Theme-ui also offers more advanced features. Exported from the library, you get primitive components such as <Flex /> <Button />, etc...

These components not only get their styles from the standard sx prop, but also from variants you define in your theme.js. For example:

/** @jsx jsx */
import { jsx, Flex, Button } from 'theme-ui'

export default () => (
    <Flex variant="layouts.standardFlex">
        <Button variant="secondary">Learn more</Button>
        <Button variant="primary">Start for free</Button>

This is a powerful feature. You get dozens of primitive components out of the box, and you can mantain their styles in one place: the theme.js file.

You can also use those variants in your normal html elements, with the variant key inside the sx prop.

/** @jsx jsx */
import { jsx, Button } from 'theme-ui'

export default () => (
    <div sx={{ variant="layouts.standardFlex" }}>
        <button sx={{ variant="buttons.secondary" }}>Learn more</button>
        <button sx={{ variant="buttons.primary" }}>Start for free</button>

The Cons

The main issue with Theme-UI is that it's quite young, and it doesn't have as much of a community as other libraries do. It hasn't reached v1 yet. If this is too much of a risk to take, then Theme-UI is not for you.

Another con is that, with all the styles and markup in the same place, it can get quite crowded. The obvious solution to this is to create reusable components, but sometimes we don't do that, and readability is maybe sacrificed. I still think it'll never be as bad as:

// From [Tailwind UI](https://tailwindui.com/components/marketing/sections/heroes)

<div class="relative pt-6 px-4 sm:px-6 lg:px-8">
    <nav class="relative flex items-center justify-between sm:h-10 lg:justify-start">
        <div class="flex items-center flex-grow flex-shrink-0 lg:flex-grow-0">
        <div class="flex items-center justify-between w-full md:w-auto">
            <a href="#">
            <img class="h-8 w-auto sm:h-10" src="/img/logos/workflow-mark-on-white.svg" alt="" />
            <div class="-mr-2 flex items-center md:hidden">
            <button type="button" class="inline-flex items-center justify-center p-2 rounded-md text-gray-400 hover:text-gray-500 hover:bg-gray-100 focus:outline-none focus:bg-gray-100 focus:text-gray-500 transition duration-150 ease-in-out">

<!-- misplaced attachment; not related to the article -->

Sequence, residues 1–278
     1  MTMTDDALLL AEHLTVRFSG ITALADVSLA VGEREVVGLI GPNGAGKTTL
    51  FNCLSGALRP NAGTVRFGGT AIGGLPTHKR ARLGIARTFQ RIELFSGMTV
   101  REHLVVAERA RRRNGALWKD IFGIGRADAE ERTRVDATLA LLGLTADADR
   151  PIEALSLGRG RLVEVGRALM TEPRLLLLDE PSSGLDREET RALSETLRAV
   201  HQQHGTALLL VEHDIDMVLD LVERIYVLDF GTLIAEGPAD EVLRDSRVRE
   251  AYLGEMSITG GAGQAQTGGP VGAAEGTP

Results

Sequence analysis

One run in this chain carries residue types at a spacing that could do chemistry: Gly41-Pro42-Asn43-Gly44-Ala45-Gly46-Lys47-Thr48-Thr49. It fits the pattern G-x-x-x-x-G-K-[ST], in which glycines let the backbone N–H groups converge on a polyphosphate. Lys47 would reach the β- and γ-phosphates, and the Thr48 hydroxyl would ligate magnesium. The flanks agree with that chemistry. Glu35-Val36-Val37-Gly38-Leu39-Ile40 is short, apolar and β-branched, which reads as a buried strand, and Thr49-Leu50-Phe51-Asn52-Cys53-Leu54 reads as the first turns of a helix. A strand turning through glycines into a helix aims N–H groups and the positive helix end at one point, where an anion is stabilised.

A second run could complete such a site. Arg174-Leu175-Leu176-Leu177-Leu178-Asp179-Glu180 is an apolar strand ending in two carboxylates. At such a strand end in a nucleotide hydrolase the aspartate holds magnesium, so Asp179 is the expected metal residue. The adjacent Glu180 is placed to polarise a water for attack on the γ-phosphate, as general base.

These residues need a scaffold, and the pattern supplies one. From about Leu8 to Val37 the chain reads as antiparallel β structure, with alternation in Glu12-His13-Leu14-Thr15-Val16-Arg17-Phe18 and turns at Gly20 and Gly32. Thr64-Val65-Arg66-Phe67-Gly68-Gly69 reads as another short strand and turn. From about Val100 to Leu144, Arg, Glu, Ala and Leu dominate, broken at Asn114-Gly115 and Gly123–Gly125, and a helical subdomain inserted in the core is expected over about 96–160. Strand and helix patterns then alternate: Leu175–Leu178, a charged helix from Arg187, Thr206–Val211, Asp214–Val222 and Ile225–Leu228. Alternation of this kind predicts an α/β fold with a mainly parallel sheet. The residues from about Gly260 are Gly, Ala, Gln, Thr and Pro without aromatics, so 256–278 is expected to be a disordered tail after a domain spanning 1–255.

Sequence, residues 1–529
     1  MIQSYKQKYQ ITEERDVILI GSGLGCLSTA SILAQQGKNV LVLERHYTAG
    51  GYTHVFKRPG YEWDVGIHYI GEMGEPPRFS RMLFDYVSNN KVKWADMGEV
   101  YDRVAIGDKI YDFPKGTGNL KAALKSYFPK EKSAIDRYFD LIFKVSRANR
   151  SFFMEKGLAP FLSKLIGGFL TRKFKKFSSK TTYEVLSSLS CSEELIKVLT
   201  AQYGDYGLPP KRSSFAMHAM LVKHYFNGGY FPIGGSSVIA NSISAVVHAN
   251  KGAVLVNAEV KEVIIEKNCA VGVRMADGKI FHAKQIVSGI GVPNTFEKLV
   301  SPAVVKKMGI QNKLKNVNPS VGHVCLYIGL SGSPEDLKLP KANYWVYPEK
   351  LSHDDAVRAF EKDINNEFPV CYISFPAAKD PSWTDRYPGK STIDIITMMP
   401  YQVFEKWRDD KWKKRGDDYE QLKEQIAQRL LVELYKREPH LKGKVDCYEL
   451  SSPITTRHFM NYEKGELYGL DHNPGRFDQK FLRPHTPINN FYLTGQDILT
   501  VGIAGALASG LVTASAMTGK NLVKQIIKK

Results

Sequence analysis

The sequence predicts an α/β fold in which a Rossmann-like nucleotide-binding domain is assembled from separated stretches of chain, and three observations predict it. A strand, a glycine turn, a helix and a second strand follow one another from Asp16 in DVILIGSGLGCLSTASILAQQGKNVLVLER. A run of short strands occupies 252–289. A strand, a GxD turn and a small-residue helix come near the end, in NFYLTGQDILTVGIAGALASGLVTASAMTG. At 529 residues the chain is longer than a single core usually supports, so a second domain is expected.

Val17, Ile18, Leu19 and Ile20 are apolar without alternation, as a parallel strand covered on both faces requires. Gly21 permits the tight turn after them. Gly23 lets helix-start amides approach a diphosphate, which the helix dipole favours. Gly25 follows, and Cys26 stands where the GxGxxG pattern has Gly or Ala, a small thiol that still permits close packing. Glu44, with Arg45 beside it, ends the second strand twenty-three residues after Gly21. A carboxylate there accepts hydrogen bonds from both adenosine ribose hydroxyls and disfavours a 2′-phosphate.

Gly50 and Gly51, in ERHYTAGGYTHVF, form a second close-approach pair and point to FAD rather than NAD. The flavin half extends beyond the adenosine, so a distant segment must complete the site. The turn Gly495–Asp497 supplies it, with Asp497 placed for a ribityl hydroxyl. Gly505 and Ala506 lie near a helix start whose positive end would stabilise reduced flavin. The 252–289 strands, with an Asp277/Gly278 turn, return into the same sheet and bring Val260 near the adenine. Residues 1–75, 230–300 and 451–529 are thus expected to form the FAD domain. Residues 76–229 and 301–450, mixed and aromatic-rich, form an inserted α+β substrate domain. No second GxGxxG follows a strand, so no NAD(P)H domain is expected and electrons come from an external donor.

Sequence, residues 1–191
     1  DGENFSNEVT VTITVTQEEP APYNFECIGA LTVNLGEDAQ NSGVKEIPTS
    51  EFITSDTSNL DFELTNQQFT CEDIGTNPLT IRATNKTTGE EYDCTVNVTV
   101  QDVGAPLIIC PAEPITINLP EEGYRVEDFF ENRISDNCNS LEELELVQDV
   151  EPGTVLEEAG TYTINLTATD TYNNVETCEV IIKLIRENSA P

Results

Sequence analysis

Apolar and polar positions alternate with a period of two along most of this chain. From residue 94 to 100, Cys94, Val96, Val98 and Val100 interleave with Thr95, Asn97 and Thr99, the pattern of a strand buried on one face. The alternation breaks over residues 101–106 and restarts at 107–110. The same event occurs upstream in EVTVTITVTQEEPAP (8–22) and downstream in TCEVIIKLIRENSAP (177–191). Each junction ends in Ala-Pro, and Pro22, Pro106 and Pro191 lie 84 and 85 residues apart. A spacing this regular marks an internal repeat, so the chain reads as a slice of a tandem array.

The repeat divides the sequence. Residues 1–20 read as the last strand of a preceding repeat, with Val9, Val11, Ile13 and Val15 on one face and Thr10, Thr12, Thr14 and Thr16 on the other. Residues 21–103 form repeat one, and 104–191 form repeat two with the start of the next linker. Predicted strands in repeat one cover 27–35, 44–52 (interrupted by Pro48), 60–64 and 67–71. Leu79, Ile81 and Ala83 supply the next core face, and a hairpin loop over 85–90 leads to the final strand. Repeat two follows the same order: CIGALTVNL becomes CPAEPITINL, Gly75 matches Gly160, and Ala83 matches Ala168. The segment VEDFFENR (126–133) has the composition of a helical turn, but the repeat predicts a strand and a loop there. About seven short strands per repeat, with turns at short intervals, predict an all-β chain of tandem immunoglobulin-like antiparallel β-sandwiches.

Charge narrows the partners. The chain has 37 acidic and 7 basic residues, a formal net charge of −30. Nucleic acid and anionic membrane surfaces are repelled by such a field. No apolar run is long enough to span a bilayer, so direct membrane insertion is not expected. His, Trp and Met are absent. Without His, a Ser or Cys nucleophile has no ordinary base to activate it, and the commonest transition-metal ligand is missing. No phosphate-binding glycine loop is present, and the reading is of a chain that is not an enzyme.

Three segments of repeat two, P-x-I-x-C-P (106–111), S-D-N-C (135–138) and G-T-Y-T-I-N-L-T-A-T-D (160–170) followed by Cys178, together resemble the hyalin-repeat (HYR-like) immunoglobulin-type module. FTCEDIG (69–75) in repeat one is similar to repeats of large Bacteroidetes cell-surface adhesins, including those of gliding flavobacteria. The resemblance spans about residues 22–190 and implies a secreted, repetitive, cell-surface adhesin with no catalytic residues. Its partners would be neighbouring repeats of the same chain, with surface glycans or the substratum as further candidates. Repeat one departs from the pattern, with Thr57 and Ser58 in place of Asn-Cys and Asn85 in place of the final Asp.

<svg class="h-6 w-6" stroke="currentColor" fill="none" viewBox="0 0 24 24">
                <path stroke-linecap="round" stroke-linejoin="round" stroke-width="2" d="M4 6h16M4 12h16M4 18h16" />
        <div class="hidden md:block md:ml-10 md:pr-4">
        <a href="#" class="font-medium text-gray-500 hover:text-gray-900 focus:outline-none focus:text-gray-900 transition duration-150 ease-in-out">Product</a>
        <a href="#" class="ml-8 font-medium text-gray-500 hover:text-gray-900 focus:outline-none focus:text-gray-900 transition duration-150 ease-in-out">Features</a>
        <a href="#" class="ml-8 font-medium text-gray-500 hover:text-gray-900 focus:outline-none focus:text-gray-900 transition duration-150 ease-in-out">Marketplace</a>
        <a href="#" class="ml-8 font-medium text-gray-500 hover:text-gray-900 focus:outline-none focus:text-gray-900 transition duration-150 ease-in-out">Company</a>
        <a href="#" class="ml-8 font-medium text-indigo-600 hover:text-indigo-900 focus:outline-none focus:text-indigo-700 transition duration-150 ease-in-out">Log in</a>

Finally, performance might be a con. I'm saying "might" because I haven't actually benchmarked it, and am quite ignorant in this sense. I suspect it's not as performant as css modules (more things happening in the JS side)? Don't really know, but I wanted to leave this as a possible caveat.


I think it's clear that I don't like TailwindCSS (I really like their default theme, though, and Steve Schoger is kind of my idol). If you want more standard "css goes in a .css", CSS Modules is a fine choice.

If you want an elegant API, expressive theming and constraints, easy syntax without sacrificing workflow speed, or simply love it's name, go with Theme-UI.

Although young, the core is there.